This sounds dangerous to me.

        From the articles linked it looks like they give you a quick pulse in the direction that you want to perceive and then gradually return the plate to normal so they can give yo

    • by geekoid (135745)

      Save everyone money, more inmportantly save energy.

      If you could keep the temp of your home 2 degrees cooler or warmer, thus saving you money.

      • by macraig (621737)

        You're missing the point: if the body is tricked - as this technique aims to do - into thinking the ambient temperature is tolerable when it's really not, that likely has a health effect. That part of the nervous system exists for a reason. As that ancient commercial declared, "it's not nice to fool Mother Nature!"

        • by mattack2 (1165421)

          That part of the nervous system exists for a reason.

          You could say the same thing about hay fever or other allergies, yet in day to day life, they aren't actually saving people from anything.

          • by macraig (621737)

            Allergies are a dysfunctional immune system response, not a normal constructive one. This device is not targeted at people with dysfunctional sensitivity to temperature, unless we conveniently reclassify any response to temperature as dysfunctional.

  • I will stick with my beer hat with the clip-on fan and mister.

  • by bananaquackmoo (1204116) on Thursday October 17, 2013 @01:17PM (#45155381)
    Am I missing something? Isn't this the exact same thing as putting on or taking off clothes?
  • I have a cheaper system that involves a fan and a jacket.

  • Free alternative (Score:4, Insightful)

    by pla (258480) on Thursday October 17, 2013 @01:24PM (#45155477) Journal
    How about just letting most of us work from home, and only maintaining enough office space to host a handful of meeting/collaboration rooms? Bam, your whole "office building" just reduced to a 2nd story loft.

    But hey, sure, let's instead try playing games with peoples' heads rather than address the real problem. And then the PHBs can ask themselves why the electric bill has actually gone up, when everyone starts keeping an electric space heater under their desk.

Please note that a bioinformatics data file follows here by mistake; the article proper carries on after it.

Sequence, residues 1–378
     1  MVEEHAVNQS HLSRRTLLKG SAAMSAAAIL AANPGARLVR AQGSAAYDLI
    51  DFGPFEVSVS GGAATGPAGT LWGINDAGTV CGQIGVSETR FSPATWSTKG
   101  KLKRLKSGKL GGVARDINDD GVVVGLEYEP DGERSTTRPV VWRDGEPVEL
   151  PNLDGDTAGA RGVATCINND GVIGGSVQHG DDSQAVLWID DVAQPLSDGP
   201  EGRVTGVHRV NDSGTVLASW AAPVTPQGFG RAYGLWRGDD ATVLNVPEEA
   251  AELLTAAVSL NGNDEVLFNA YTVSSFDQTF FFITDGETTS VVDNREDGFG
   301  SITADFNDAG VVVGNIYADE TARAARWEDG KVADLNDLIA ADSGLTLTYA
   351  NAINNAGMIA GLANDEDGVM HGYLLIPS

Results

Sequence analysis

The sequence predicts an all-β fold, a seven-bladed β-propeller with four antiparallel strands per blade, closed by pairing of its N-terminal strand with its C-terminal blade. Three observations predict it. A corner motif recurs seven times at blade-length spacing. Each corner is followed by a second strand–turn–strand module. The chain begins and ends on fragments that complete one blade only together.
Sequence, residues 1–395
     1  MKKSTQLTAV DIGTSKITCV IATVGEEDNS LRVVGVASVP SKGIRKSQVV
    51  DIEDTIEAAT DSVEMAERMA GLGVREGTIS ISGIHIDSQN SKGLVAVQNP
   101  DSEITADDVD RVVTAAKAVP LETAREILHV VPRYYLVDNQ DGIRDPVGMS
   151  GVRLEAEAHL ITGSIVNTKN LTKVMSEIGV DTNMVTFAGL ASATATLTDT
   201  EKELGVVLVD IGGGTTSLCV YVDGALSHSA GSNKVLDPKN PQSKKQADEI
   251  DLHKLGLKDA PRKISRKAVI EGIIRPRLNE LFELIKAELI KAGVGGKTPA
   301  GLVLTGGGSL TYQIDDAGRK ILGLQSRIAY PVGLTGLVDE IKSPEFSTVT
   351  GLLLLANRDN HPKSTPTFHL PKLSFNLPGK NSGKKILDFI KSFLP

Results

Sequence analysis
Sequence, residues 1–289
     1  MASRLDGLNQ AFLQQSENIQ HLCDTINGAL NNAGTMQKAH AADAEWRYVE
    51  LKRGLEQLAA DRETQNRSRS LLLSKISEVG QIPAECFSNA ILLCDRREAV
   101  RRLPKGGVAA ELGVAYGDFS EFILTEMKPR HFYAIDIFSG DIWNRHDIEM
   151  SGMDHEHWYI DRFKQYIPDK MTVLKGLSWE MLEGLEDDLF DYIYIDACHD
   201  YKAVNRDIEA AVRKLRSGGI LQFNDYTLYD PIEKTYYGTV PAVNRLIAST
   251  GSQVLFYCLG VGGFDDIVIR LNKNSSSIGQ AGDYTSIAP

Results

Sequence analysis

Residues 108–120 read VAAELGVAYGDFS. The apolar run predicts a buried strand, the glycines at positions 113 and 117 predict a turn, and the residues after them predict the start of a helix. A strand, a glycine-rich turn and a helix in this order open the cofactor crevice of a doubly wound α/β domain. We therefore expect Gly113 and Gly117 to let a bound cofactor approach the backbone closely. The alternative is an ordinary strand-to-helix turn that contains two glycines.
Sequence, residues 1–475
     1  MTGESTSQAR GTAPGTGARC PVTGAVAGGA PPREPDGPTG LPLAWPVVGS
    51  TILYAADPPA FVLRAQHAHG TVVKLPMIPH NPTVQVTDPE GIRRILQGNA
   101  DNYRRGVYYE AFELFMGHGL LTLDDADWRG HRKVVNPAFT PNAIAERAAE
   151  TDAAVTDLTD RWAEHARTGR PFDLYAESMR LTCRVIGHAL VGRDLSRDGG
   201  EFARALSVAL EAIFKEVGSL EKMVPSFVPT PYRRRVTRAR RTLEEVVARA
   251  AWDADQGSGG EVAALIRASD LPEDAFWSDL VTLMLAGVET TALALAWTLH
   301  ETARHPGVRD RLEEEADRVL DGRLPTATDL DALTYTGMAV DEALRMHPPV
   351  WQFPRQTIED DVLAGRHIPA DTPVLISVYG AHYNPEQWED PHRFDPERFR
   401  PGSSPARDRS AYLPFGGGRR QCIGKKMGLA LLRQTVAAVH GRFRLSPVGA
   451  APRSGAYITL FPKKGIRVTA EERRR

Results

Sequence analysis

• by PPH (736903)

    Anecdotal evidence: After having installed a radiant floor heating system, I made the following observation. If your feet are cold, you perceive the environment as being cold. And you turn up the heat. If your feet are warm, you can tolerate lower air temperatures.

    This might be related to the rate of heat loss through contact. Where heat loss to air (via convection) is inefficient, loss through conduction is higher. Since the one point that is most often in contact with another surface is your feet, minimi

    • Anecdotal evidence: After having installed a radiant floor heating system, I made the following observation. If your feet are cold, you perceive the environment as being cold. And you turn up the heat. If your feet are warm, you can tolerate lower air temperatures.

      Wrists, ankles, and neck.

      These are the main points by which your body measures ambient temperature, and makes adjustments accordingly. Theoretically, if you were to wrap your wrists, ankles, and neck in some sort of warm material, you could very well walk out into near-zero temperatures otherwise naked, and not really feel the cold. Anecdotally, I tried this myself last winter (albeit with the addition of skivvies to avoid an indecent exposure charge), and I do recall noting that I didn't feel as cold as I

  • Did it like 15 years ago, which I assume was some sort of product placement.

  • Sigh. A few years ago (2005, actually) I played around with a Peltier junction body part warmer/cooler but did not carry it past a prototype. My idea was to take the place of hot/cold pads on sports injuries, help with backaches, etc. The idea was that this unit could replace both ice packs and hot pads, and even cycle between them, and provide the heat or cold at a precise temperature for a long time. I still have the prototype stuck in a box somewhere. It actually worked, but the hardest thing was g

  • Two reasons. The obvious one is that a lot of employees will balk at wearing the device.

    The slightly less obvious one is the state of HVAC systems in many office buildings. The last building I worked in was straight out of Brazil. I had a thermostat on my wall that controlled the AC for my corner of my floor. Not the heat, tho. Every fall, people would lean in my office and ask me to turn up the heat. I'd explain over and over that I can only make it colder. They're welcome to look at my thermostat's